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Characterisations of human prostate stem cells reveal deficiency in class I UGT enzymes as a novel mechanism for castration-resistant prostate cancer

Lookup NU author(s): Dr Stuart Williamson, Dr Anastasia Hepburn, Laura WilsonORCiD, Professor Hing Leung, Professor Craig Robson, Professor Rakesh Heer


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Background: Evidence increasingly supports that prostate cancer is initiated by the malignant transformation of stem cells (SCs). Furthermore, many SC-signalling pathways are shown to be shared in prostate cancer. Therefore, we planned transcriptome characterisation of adult prostate SCs as a strategy to consider new targets for cancer treatment. Methods: Intuitive pathway analysis was used for putative target discovery in 12 matched selections of human prostate SCs, transiently amplifying cells and terminally differentiated cells. These were pooled into three groups according to the stage of differentiation for mRNA microarray analysis. Targets identified were validated using uncultured primary tissue (n = 12), functional models of prostate cancer and a tissue microarray consisting of benign (n = 42) and malignant prostate (n = 223). Results: A deficiency in class 1 UDP glucuronosyltransferase (UGT) enzymes (UGT1A) was identified in prostate SCs, which are involved in androgen catabolism. Class 1 UGT enzyme expression was also downregulated in cancer SCs and during progression to metastatic castration-resistant prostate cancer (CRPC). Reduction of UGT1A expression in vitro was seen to improve cell survival and increase androgen receptor (AR) activity, as shown by upregulation of prostate-specific antigen expression. Interpretation: Inactivation of intracellular androgen catabolism represents a novel mechanism to maintain AR activity during CRPC.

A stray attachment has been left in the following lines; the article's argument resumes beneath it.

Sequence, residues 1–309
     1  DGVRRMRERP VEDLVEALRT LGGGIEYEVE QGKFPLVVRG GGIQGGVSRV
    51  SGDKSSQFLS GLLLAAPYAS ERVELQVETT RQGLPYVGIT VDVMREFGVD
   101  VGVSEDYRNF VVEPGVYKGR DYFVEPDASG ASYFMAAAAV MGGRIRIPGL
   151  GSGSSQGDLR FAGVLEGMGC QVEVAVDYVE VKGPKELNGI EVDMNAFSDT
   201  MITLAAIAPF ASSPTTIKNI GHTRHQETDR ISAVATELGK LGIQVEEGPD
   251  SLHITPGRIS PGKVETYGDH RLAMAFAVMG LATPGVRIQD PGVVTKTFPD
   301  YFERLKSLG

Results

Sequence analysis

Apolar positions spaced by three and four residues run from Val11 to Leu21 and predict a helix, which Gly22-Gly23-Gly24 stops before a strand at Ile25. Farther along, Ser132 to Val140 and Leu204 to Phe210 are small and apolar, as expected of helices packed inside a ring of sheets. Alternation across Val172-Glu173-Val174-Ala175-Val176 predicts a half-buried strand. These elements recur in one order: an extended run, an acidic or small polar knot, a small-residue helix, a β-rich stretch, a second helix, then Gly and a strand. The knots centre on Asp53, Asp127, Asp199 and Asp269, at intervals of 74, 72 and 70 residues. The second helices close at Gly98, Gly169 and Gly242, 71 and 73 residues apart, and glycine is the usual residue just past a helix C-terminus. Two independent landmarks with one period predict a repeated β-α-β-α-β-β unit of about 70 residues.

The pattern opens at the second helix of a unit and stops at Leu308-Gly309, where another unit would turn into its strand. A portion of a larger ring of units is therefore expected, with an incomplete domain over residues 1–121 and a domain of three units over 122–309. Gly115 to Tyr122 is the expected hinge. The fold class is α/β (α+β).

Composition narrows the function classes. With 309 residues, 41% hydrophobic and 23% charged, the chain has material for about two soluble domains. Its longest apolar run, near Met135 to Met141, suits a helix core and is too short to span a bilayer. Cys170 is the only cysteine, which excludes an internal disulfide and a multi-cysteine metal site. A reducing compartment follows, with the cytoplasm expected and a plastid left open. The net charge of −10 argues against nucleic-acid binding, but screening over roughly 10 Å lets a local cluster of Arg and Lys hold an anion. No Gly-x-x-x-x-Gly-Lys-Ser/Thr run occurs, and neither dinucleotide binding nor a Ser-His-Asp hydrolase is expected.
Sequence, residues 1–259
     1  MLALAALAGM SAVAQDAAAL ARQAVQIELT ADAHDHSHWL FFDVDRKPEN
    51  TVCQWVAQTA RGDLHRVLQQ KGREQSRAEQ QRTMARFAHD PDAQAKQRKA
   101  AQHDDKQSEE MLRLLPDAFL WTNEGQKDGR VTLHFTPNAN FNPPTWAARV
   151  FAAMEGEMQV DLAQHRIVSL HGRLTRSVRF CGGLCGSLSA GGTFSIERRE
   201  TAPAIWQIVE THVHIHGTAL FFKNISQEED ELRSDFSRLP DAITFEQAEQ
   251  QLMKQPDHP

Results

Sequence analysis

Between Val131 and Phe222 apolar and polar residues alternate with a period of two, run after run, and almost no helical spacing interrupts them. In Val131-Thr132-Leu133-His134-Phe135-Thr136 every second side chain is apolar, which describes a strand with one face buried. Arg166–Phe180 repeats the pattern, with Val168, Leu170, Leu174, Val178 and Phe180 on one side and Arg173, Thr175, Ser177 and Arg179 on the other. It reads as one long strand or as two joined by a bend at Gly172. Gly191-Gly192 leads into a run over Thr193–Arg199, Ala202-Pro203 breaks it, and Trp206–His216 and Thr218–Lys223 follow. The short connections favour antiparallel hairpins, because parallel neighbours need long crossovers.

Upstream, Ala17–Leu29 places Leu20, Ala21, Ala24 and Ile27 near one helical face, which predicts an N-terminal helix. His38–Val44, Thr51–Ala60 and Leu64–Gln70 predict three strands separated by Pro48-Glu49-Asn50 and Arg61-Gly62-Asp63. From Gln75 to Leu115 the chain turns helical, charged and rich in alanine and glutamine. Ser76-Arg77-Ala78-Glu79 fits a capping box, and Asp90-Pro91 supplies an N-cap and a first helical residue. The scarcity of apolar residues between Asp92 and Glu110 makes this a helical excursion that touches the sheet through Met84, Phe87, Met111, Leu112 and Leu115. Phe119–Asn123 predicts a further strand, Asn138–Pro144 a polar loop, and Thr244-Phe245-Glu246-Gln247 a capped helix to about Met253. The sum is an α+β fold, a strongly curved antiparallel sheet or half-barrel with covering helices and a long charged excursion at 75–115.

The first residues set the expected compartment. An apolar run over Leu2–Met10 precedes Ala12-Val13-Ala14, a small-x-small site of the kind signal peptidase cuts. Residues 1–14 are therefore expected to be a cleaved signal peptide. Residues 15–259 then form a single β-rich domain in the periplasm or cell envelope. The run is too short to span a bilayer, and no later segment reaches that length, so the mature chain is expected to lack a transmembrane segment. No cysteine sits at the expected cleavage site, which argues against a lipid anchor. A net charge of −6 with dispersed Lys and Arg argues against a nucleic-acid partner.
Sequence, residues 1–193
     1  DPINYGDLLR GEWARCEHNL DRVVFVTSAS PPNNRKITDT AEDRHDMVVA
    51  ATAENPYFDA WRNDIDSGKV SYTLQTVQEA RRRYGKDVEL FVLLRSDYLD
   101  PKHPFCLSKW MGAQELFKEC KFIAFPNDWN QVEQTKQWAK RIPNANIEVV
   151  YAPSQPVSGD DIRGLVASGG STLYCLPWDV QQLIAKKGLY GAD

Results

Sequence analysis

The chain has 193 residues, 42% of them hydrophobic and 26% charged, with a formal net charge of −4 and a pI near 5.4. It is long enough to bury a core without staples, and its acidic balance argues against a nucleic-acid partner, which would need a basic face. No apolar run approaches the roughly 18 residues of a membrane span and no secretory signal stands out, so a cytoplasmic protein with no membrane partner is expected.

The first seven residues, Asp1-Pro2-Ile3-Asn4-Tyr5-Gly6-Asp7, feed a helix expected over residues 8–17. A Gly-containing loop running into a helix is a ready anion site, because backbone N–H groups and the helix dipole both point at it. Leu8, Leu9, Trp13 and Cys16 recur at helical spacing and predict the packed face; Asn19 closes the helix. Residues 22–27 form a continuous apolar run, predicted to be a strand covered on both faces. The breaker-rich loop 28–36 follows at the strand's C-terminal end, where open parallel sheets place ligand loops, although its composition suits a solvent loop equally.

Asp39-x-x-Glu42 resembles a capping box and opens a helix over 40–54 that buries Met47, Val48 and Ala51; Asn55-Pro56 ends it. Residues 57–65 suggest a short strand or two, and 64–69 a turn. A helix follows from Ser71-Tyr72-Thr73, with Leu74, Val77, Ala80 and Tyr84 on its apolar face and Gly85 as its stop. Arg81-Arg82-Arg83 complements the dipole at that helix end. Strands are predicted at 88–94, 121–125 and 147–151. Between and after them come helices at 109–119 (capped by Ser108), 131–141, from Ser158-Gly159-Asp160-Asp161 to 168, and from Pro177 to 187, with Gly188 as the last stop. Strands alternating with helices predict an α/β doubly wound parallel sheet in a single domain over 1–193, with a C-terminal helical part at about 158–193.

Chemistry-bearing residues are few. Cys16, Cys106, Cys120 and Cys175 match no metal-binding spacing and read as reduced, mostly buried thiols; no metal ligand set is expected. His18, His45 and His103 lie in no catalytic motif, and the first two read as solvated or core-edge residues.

Publication metadata

Author(s): Williamson SC, Mitter R, Hepburn AC, Wilson L, Mantilla A, Leung HY, Robson CN, Heer R

Publication type: Article

Publication status: Published

Journal: British Journal of Cancer

Year: 2013

Volume: 109

Issue: 4

Pages: 950-956

Print publication date: 23/07/2013

ISSN (print): 0007-0920

ISSN (electronic): 1532-1827

Publisher: Nature Publishing Group


DOI: 10.1038/bjc.2013.399


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